One of the most inspirational stories of Guru-Shishya relationship is that of Swami Vivekananda and his Guru Ramakrishna Paramahamsa. They came from different backgrounds, different belief systems and shared opposing views. For a long time, Vivekananda did not accept Ramakrishna as his Guru and challenged his views. Swami Vivekananda faced numerous challenges after the passing away of his father and turned to Ramakrishna for his guidance. This was the turning point in his life and with the guidance of Sri Ramakrishna, Swami Vivekananda began his spiritual journey.
While paying his reverential respect to his Guru, Swami Vivekananda once said: “I am what I am, and what I am is always due to him. Whatever in me or in my words is good and true and eternal came to me from his mouth, his heart, his soul. Sri Ramakrishna is the spring of this phase of the earth’s religious life., of its impulses and activities.” In fact, Swami Vivekananda started and named the spiritual organization, Ramakrishna Mission, after his Guru, Ramakrishna Paramahamsa.
In India for ages, a Guru or a teacher has played a very significant role in every individual’s life and has been the most important influence after his or her parents. According to our Puranas, Bhagwan Krishna studied under Sage Sandeepani, Bhagwan Sri Rama was mentored by Sage Vasishtha and Viswamitra. An ordinary boy met Chanakya and became the great Chandragupta… Arjuna became the famed warrior under the guidance of Guru Dronacharya.
In today’s context, the teachers are the most important mentors in guiding and shaping the lives of millions of children and youngsters. Thus, they have an onerous responsibility towards nation-building. They have to not only impart knowledge to students, but also teach ethics and inculcate the qualities of sincerity, selflessness, empathy, compassion, commitment, hard work and discipline. As the Father of the Nation, Mahatma Gandhi had rightly said: “Education which does not mould character is absolutely worthless”.
Values are best taught through example. Teachers have to be role models exemplifying the value system.
In the fast-changing world, education is moving from classrooms to digital platforms. In the wake of the pandemic-induced lockdowns, schools, colleges and other educational institutions are conducting classes online. Although, online classes have become the only option in the present context, my advice to teachers is to focus on the holistic development of the students in the true ‘Guru-Sishya’ parampara. There is a need to provide a personal touch to make learning that much more interesting.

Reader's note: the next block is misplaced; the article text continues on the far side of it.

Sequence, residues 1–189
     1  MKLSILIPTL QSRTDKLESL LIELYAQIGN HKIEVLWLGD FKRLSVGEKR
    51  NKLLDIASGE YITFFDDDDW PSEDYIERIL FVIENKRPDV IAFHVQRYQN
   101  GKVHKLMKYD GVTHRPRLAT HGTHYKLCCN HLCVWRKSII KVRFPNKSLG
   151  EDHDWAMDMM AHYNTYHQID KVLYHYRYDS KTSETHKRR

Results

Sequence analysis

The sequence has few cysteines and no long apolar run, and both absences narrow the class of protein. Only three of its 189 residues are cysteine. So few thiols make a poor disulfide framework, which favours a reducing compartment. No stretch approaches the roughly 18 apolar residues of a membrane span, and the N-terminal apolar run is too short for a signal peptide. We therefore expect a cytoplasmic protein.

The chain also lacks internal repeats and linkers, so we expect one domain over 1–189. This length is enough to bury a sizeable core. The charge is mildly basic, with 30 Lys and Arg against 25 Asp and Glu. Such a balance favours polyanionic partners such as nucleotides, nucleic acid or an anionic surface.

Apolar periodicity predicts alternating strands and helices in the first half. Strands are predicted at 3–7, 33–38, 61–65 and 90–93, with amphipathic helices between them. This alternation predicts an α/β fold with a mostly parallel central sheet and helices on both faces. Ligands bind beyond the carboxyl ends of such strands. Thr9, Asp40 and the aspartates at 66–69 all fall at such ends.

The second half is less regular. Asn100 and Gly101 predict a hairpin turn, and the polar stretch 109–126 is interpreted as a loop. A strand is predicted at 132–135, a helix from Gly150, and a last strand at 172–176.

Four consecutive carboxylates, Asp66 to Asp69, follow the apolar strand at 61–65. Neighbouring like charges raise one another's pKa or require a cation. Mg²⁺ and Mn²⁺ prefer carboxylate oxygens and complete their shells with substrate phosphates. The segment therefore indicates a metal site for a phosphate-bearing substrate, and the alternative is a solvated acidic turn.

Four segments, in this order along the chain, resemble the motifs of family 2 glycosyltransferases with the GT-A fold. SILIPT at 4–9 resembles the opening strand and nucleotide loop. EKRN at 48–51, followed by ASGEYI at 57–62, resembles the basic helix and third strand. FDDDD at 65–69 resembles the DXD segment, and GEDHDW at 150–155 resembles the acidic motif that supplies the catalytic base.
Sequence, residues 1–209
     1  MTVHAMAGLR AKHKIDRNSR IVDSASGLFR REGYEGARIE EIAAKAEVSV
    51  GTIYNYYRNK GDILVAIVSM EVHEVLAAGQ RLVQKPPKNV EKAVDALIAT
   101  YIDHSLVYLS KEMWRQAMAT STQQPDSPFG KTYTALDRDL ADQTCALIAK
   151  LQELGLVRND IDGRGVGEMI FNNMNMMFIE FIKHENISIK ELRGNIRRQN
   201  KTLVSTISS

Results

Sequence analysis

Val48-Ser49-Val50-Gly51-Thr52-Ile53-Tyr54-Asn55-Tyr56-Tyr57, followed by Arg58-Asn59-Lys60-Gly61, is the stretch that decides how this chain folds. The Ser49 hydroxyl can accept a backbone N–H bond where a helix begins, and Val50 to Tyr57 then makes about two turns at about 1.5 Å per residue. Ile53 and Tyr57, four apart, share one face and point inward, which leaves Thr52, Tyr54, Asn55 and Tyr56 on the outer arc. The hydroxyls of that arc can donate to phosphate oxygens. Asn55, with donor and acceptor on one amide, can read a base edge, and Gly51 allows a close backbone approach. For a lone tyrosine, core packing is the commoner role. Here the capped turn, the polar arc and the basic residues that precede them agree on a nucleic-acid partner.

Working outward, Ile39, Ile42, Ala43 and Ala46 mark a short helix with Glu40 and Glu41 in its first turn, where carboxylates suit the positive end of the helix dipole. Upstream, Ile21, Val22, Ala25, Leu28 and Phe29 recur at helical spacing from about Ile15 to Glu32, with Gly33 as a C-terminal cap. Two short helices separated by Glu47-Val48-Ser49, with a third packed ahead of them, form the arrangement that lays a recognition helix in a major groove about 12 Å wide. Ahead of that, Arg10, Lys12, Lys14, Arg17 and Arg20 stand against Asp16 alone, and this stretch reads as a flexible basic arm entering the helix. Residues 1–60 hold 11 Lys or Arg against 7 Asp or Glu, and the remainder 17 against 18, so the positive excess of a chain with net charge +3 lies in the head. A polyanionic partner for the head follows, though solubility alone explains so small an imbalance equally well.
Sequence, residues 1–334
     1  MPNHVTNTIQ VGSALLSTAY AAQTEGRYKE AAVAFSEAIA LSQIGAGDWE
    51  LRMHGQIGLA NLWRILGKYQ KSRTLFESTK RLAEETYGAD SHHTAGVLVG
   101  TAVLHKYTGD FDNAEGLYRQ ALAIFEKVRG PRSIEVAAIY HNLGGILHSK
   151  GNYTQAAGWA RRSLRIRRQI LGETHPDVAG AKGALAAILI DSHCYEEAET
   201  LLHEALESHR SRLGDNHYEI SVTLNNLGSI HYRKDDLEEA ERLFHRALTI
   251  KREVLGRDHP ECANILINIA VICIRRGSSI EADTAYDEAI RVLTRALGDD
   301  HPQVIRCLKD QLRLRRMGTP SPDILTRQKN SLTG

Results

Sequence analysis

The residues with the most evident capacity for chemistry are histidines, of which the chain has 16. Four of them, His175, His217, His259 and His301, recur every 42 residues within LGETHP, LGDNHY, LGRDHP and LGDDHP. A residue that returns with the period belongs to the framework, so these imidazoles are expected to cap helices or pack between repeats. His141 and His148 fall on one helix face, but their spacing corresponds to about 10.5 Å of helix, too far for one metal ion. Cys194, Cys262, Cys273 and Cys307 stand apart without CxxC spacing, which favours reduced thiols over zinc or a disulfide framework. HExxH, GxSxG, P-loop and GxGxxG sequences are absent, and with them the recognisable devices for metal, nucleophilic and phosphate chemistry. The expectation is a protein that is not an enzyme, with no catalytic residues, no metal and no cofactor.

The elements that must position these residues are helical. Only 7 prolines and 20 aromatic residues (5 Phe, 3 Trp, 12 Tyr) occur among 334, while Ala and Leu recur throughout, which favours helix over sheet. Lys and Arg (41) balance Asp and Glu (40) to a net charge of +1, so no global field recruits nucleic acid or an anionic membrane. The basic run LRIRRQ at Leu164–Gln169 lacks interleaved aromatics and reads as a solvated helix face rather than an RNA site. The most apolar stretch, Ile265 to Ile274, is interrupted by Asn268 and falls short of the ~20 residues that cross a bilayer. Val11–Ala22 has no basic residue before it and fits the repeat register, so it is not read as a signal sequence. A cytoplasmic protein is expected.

Teachers need to be actively involved in guiding students in this crucial time and ensure that their learning process does not get hindered. Time and again, Gurus or teachers have helped students realize their true potential and make a mark in life. Internet may provide you with a world of information, but a teacher alone can instill the power of analyzing and synthesizing, of evaluating, prioritizing and pursuing higher-order skills needed for the changing world of work. These life skills help the learners to navigate through difficult times.
Despite the ubiquitous presence of technology in our lives today, it simply cannot substitute a Guru, who not only imparts knowledge, but also inculcates values, humane thinking, compassion and discipline, among others, in the disciples.
Today is the day for every individual to gratefully acknowledge the role of the Guru or teacher. No matter how lofty our accomplishments, we should never forget the contribution of our teachers, mentors and guides. On this Guru Purnima, I urge every individual to take out time and express gratitude to his or her teachers or Gurus for being the guiding lights in all stages of life and work towards reviving the glorious tradition of Guru-Shishya Parampara. –
In the end, I offer my reverential Pranams to my mother, Smt. Ramanamma, who had wished that I should become an advocate, my father, Sri Rangaiah Naidu, my grandmother, grandfather and all my gurus and mentors who guided me at various stages of my life.
M Venkaiah Naidu